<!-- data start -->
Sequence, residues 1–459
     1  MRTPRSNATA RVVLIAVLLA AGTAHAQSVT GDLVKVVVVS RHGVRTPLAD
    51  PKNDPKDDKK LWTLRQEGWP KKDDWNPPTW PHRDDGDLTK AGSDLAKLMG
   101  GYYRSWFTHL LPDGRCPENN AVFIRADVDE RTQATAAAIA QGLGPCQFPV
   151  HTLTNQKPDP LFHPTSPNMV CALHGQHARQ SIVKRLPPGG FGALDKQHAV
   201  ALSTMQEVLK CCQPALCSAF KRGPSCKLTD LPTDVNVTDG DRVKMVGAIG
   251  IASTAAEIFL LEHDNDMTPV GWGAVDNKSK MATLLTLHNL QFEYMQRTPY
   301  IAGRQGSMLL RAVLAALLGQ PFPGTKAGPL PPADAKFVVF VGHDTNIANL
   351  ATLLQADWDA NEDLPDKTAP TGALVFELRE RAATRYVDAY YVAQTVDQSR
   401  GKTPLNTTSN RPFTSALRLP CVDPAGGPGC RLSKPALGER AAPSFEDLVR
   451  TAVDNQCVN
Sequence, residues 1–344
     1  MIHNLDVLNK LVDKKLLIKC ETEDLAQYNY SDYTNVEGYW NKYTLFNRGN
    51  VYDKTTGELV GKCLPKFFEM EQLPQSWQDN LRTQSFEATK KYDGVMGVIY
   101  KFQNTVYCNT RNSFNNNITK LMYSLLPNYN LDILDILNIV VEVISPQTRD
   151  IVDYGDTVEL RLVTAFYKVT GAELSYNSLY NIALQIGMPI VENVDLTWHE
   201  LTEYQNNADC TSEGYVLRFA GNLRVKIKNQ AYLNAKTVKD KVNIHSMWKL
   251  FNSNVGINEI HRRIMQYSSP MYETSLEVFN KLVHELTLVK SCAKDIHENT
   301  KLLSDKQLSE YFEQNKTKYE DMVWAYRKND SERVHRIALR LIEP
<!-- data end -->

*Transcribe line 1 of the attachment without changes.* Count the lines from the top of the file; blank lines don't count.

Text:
Sequence, residues 1–459